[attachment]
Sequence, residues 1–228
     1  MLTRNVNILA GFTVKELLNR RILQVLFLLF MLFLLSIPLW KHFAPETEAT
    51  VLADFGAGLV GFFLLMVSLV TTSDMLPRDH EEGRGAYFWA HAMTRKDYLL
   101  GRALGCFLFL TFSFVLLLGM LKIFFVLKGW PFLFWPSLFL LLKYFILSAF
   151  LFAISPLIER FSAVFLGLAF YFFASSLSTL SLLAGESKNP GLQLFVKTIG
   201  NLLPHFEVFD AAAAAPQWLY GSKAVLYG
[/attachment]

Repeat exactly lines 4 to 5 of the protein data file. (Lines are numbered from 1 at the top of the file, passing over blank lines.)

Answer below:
   101  GRALGCFLFL TFSFVLLLGM LKIFFVLKGW PFLFWPSLFL LLKYFILSAF
   151  LFAISPLIER FSAVFLGLAF YFFASSLSTL SLLAGESKNP GLQLFVKTIG